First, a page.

The week’s passages
Aroundup of the week’s notable obituaries, Sept. 15-21.
Hiroshi Yamauchi, 85, the Japanese billionaire who kept the Mariners in Seattle in 1992, buying a majority stake and saving them from being sold and moved to Florida, died of pneumonia Thursday in Kyoto, Japan. He considered the purchase a gesture of goodwill to Seattle for serving as the U.S. launch point for his Nintendo video-gaming empire.
Pat McMahan, 83, who helped found the city of Mountlake Terrace and served as its first fire chief as well as on the Planning Commission and City Council, helped create the Snohomish County bus system and mentored many novice political activists, including a young Maria Cantwell, died Aug. 21 at home in Mountlake Terrace after a lengthy illness.
Ken Norton Sr., 70, a former heavyweight boxing champion who beat Muhammad Ali once — breaking his jaw — and fought him to two other extremely close decisions, died of congestive heart failure Wednesday near Las Vegas.
Eiji Toyoda, 100, a member of Japan’s foremost manufacturing family who is credited with developing Toyota Motors’ low-defect manufacturing processes and who helped spearhead its aggressive push into the U.S. auto market, died Tuesday in Toyota city, central Japan.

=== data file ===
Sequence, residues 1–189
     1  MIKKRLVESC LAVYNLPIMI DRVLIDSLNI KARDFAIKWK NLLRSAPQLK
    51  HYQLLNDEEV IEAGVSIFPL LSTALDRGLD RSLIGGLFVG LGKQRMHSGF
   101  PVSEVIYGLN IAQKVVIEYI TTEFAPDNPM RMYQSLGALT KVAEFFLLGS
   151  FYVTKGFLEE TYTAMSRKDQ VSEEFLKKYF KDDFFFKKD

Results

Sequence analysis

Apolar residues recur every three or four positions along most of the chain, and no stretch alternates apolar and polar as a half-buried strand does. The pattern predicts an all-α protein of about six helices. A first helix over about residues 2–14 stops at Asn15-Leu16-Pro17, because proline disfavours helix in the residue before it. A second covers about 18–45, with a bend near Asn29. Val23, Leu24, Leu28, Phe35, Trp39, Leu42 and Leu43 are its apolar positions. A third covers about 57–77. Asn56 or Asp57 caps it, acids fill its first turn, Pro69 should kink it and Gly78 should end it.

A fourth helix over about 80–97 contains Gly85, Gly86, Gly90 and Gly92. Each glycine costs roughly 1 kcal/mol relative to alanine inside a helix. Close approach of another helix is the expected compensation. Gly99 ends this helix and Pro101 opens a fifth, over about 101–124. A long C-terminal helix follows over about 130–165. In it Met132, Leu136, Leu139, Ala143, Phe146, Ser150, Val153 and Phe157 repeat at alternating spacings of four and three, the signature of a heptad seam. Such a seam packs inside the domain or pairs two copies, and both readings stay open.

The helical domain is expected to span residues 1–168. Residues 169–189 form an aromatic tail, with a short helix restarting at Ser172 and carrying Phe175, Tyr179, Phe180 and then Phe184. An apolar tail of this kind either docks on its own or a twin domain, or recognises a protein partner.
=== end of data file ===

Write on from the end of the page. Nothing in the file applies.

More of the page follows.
Donald Low, 68, the doctor and infectious-disease specialist who became the trusted public face of Toronto’s response to the SARS outbreak in 2003, died Wednesday. The outbreak killed 44 people in Toronto. He had been diagnosed with a brain tumor this year.
Joy Covey, 50, who helped take Amazon.com public as the Internet retailer’s chief financial officer, died Wednesday after her bicycle collided with a minivan near Portola Valley, Calif.
Stephen Malawista, 79, the infectious-disease researcher who orchestrated the detective work that in the 1970s led to the identification of Lyme disease, died of metastatic melanoma Wednesday in Hamden, Conn.
Chin Peng, 88, a Communist guerrilla leader whose bloody struggles for an independent Communist Malaysia pitted him against Japanese invaders, British colonialists and the government of his own newly sovereign nation, died of cancer Monday, in exile in Bangkok.
Candace Pert, 67, a neuroscientist and pharmacologist who in graduate school was credited with unlocking a chemical mystery of the brain — its opiate receptor — and became a noted researcher in the field of mind-body medicine, died of apparent cardiovascular arrest Sept. 12 in Potomac, Md.
Joseph E. Granville, 90, perhaps the most famous of a generation of market seers who made their own fortunes in the newsletter business, in his case The Granville Market Letter, died Sept. 7 in Kansas City, Mo.
Philip Berg, 84, of Beverly Hills, Calif., who founded the Kabbalah Centre, transforming a field once reserved for the most elite of Orthodox yeshiva scholars into a lucrative pop-culture phenomenon, died Monday. He had been in ill health since 2004.
Dexter Douglass, 83, one of the lead attorneys who represented Al Gore in Florida’s chaotic presidential election recount of 2000 that was stopped by the U.S. Supreme Court, died of bladder cancer Tuesday in Tallahassee, Fla.